The Michigan Supreme Court enforces statutory limits on PIP insurer liability


In Admire v Auto-Owners(May 23, 2013), the Michigan Supreme Court clarified a no-fault insurer’s responsibilities for post-accident expenses. If costs related to care and recovery can be separated from ordinary costs — for example, if an insured can purchase an ordinary van and then add modifications necessary because of his injury — the insurer need only pay for the modifications, not the van itself. As shown below, this result follows from the plain language of the no-fault act.

Under the no-fault act — and as the Court already held in Griffith v State Farm Mut Auto Ins Co a no-fault insurer need only compensate a plaintiff for costs related to “an injured person’s care, recovery and rehabilitation.” The plaintiff in Admire was injured when his motorcycle collided with a car. Consequently, he needed a wheelchair-accessible van. Although the insurer paid for the van and modifications for a few years, it later took the position that it was only liable for the modifications. The van — a transportation cost that was unrelated to the plaintiff’s injuries (unless it was being used to transport the plaintiff to a medical appointment or the like) — was not related to the plaintiff’s “care, recovery, and rehabilitation.” But the wheelchair-accessible modifications were.

The Michigan Supreme Court agreed that the insurer was liable only for the latter costs under the no-fault act. In an opinion authored by Justice Zahra, the Court explained that costs are recoverable only if related to an injured person’s care, recovery, or rehabilitation:

[Any product, service, or accommodation consumed by an uninjured person over the course of his or her everyday life cannot qualify because it lacks the requisite causal connection with effectuating the injured person’s care, recovery, or rehabilitation. An ordinary, everyday expense simply cannot have the object or purpose of effectuating an injured person’s care, recovery, or rehabilitation because it is incurred by everyone whether injured or not.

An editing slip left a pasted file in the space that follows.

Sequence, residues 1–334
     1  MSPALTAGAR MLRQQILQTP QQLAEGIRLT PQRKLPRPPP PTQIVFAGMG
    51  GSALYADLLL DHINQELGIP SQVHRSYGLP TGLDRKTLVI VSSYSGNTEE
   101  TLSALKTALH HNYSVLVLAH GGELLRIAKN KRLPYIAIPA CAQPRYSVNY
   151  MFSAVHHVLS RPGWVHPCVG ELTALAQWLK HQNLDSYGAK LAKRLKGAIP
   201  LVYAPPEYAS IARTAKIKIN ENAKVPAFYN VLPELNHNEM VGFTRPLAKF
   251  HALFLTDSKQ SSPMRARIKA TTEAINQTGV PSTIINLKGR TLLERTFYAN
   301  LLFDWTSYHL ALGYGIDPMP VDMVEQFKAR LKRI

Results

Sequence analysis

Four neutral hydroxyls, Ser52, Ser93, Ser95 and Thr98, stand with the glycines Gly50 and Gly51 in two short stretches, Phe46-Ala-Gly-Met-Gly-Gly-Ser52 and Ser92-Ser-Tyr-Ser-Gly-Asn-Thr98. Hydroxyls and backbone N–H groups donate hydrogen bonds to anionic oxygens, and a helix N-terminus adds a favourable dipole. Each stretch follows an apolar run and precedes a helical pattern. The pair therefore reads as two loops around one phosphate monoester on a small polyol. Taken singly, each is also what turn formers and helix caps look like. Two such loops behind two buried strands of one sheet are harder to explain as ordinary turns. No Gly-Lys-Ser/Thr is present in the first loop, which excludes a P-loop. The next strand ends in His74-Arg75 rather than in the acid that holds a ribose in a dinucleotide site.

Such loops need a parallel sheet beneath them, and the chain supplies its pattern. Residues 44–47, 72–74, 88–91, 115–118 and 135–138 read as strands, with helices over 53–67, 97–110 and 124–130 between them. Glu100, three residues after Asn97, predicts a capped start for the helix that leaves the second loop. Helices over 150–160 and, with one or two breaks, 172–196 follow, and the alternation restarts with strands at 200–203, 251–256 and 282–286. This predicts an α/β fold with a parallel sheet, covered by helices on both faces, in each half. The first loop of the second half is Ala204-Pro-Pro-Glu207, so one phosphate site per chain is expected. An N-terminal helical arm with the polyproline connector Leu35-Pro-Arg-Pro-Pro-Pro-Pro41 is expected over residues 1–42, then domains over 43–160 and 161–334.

Moreover, the van was a “combined” product– one in which an ordinary object (the van) was combined with modifications relating to care, recovery, and rehabilitation. A combined product “can be separated easily, both conceptually and physically…” The plaintiff may recover only those costs that “are of a new character and are thus for the injured person’s care, recovery, or rehabilitation.” The analysis might differ if modifications were fully integrated into an ordinary product but the Court did not expand on that distinction in Admire. Admire has a clear bottom line. No-fault insurers must make a careful assessment of expenses claimed by insureds and determine whether each expense is related to “care, recovery, and rehabilitation.” If items necessary for care are integrated into ordinary items, a no-fault insurer need only reimburse the insured for the former.

To use the Michigan Supreme Court’s practical example, if an insured needs special insoles because of an injury under the no-fault act, an insurer need only pay for the insoles, not the shoes.

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